To our knowledge, this is the first study to report the nonlinear relationship between psoas CSA and BMI. Furthermore, baseline psoas CSA and eFFMI were better than BMI for predicting 1- and 5-year DR after RYGB. Our results demonstrate the limitations of BMI in assessing muscle mass and suggest eFFMI as an alternative muscle mass indicator for use in pre- and postoperative assessments.
Previous studies have reported the possible positive correlation between BMI and muscle mass (8). Our findings represent new evidence that, regardless of sex, when BMI exceeds a certain threshold, the muscle curves plateau and show almost no subsequent increment. According to Davis law (the corollary to Wolff law for bone) (9), the mechanical load and stimuli caused by weight gain may partially explain the increased muscle mass in the growth stage. However, due to the limited physiological capacity of tissue depot (10), the muscle and visceral fat showed a threshold effect. In contrast, subcutaneous fat did not show a break point due to the probable larger capacity limit. Meanwhile, the muscle lipotoxicity, inflammation, and atrophy induced by secretion of free fatty acids, chemokines, and cytokines from excessive visceral fat also inhibit the increase in muscle mass to a certain degree (11,12).
Muscle mass constitutes 40–50% of body weight and is considered the most important determinant of whole-body insulin sensitivity in normal-weight individuals (13). Individuals with high BMI almost invariably have more muscle mass; however, this does not imply an improvement in insulin sensitivity due to excessive body fat mass. Of note, a previous study revealed that the percentage change in fat mass was significantly larger than that in muscle mass at 1 year after RYGB (14). Therefore, the presence of more muscle mass before surgery means a greater possibility of a high body muscle ratio after surgery, which may contribute to DR and insulin resistance reduction following surgery.
The nonlinear relationship between muscle mass and BMI may explain why BMI is not a good predictor for DR after surgery. In the debate, the attenuated antidiabetes effect of metabolic surgery in low-BMI individuals (15) may be attributed to the significant differences in muscle mass among populations with different BMI ranges. Based on the existing guidelines, we support active surgical treatment for Asian T2DM patients with a BMI >32.5 kg/m2. However, for patients with a lower BMI range, muscle mass measurement may be crucial to determine suitability for surgery. Interventions (such as strength training and adequate protein intake) to attenuate muscle atrophy during the weight loss period may be important methods to maintain excellent long-term glycemic control (3,8).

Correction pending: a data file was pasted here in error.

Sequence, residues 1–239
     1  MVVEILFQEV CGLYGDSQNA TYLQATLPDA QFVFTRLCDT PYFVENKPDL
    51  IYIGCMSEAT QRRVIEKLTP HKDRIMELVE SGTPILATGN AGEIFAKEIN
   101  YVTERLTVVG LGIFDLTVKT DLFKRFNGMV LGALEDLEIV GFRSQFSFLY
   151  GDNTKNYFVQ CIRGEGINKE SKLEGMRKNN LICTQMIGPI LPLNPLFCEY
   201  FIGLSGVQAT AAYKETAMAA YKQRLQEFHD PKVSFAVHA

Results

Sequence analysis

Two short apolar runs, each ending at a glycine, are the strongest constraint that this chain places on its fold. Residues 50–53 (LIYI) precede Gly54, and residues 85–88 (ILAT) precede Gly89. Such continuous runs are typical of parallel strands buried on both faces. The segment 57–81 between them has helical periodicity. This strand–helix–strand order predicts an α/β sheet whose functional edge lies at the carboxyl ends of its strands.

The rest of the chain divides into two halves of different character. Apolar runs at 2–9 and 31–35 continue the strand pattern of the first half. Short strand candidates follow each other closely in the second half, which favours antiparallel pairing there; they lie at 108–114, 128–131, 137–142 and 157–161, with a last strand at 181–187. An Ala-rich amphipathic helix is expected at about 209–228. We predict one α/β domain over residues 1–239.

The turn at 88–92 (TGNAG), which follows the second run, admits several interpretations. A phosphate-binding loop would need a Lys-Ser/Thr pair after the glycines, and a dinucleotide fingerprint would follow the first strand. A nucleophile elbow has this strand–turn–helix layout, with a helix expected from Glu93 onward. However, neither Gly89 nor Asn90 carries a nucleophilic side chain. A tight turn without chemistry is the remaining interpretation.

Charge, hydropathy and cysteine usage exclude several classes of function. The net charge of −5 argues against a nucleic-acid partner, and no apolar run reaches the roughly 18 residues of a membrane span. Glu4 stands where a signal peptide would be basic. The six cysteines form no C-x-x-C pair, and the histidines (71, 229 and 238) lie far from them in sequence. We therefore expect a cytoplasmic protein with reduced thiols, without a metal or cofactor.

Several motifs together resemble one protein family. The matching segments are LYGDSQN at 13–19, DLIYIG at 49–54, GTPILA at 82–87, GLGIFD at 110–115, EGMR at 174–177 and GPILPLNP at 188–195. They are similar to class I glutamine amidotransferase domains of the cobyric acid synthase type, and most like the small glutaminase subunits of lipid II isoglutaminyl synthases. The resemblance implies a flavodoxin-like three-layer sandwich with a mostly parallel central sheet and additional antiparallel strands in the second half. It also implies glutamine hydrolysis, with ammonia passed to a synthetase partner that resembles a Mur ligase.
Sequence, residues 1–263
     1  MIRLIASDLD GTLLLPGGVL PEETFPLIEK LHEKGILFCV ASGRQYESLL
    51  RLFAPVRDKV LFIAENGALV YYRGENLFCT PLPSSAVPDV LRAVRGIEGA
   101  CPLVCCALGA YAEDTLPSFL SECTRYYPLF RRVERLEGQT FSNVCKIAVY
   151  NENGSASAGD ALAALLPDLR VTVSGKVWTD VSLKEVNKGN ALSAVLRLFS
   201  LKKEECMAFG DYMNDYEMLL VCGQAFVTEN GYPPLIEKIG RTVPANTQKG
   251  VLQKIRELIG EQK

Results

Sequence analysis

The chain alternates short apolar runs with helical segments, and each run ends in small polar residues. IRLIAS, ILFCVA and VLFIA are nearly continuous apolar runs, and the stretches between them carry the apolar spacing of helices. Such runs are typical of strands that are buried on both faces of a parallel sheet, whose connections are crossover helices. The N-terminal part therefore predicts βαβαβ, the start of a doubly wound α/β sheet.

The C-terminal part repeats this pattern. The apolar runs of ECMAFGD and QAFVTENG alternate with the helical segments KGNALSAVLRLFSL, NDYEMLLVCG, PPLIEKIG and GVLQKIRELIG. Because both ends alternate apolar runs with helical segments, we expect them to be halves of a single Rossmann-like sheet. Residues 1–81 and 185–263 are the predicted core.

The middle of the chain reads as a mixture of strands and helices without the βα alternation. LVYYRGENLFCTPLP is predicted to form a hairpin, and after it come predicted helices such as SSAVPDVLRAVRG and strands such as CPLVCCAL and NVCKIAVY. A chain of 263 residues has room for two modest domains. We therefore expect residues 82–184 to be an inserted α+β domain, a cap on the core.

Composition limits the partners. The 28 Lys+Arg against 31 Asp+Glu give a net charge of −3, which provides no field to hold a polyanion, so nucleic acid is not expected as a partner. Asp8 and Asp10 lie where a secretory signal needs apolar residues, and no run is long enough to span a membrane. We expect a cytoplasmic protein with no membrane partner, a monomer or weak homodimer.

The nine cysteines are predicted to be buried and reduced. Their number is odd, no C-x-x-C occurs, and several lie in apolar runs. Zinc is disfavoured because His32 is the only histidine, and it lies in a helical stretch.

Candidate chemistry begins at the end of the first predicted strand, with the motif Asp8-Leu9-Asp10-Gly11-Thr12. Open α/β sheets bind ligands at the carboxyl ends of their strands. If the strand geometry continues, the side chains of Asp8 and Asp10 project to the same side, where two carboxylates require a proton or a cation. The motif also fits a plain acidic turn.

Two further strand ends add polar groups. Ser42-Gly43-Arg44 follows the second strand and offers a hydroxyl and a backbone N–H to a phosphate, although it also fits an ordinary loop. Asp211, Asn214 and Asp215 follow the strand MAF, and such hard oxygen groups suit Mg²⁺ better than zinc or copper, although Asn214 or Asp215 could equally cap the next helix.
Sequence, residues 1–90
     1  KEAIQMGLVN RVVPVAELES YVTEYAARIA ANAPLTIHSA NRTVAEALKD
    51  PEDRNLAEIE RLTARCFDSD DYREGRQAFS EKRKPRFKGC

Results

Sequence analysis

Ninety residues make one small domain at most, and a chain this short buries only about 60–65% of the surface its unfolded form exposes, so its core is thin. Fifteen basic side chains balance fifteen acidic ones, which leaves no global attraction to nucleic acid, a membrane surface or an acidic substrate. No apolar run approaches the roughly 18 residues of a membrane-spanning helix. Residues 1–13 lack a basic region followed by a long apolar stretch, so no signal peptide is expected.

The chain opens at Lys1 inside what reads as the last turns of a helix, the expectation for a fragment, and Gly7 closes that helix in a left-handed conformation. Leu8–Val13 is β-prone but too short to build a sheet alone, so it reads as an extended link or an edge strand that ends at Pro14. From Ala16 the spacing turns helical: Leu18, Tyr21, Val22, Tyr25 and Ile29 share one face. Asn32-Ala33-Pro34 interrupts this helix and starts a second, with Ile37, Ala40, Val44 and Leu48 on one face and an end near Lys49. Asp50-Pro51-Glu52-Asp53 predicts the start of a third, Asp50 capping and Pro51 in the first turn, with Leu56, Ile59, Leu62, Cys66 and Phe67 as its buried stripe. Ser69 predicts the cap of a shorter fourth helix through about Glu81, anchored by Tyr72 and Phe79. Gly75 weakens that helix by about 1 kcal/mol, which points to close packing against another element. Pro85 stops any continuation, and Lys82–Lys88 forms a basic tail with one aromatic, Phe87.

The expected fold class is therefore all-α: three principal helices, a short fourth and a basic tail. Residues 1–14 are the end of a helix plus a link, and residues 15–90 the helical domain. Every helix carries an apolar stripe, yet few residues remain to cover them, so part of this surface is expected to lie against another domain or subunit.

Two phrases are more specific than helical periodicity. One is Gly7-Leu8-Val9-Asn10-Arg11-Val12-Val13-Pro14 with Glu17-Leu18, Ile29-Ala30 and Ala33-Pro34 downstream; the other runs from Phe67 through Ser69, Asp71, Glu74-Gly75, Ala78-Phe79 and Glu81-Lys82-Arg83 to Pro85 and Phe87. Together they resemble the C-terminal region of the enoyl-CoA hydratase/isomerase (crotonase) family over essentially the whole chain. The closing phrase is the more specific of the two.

The limitations of this study include the limited generalizability due to a single ethnic group, the relatively low 5-year follow-up rate (33.9%), and the lack of a causal effect of the association between muscle mass and DR.
In conclusion, the nonlinear relationship between muscle mass and BMI may partially contribute to the limitations of BMI in predicting DR after RYGB. Given the importance of BMI in determining the indications for metabolic surgery, this finding may be valuable for improving upon the current available scores to predict remission. Further studies are necessary to explore the potential implications in other clinical practices.
S.L. and H.Y. contributed equally to this work.
This article contains supplementary material online at https://doi.org/10.2337/figshare.16608080.
Acknowledgments. The authors thank all patients, research staff, and students who participated in this work.
Funding. This work was funded by the National Key Research and Development Project of China (grant 2016YFA0502003), the National Natural Sciences Foundation of China (81670791), the Shanghai Municipal Education Commission-Gaofeng Clinical Medicine Grant Support (20191920) to Junfeng Han, the Three Year Action Plan for Promoting Clinical Skills and Clinical Innovation in Municipal Hospitals (2020-2022) - Major Clinical Research Projects (SHDC2020CR1017B), and the Innovation Foundation of Translational Medicine of Shanghai Jiao Tong University School of Medicine and Shanghai SJTUSM Biobank.
The funders had no role in study design, data collection or analysis, decision to publish, or preparation of the manuscript.
Duality of Interest. No potential conflicts of interest relevant to this article were reported.
Author Contributions. S.L., H.Y., J.H., and W.J. conceived and designed the study. S.L. drafted the manuscript and researched the literature. S.L., Y.T., and D.Y. collected the data. S.L. and H.Y. contributed to the statistical analysis and figure construction. P.Z., Y.X., and Y.B. supervised the study. H.Y., Y.B., J.H., and W.J. interpreted data and revised the manuscript. All authors reviewed and approved the final version of the manuscript. J.H. and W.J. are the guarantors of this work and, as such, had full access to all the data in the study and take responsibility for the integrity of the data and the accuracy of the data analysis.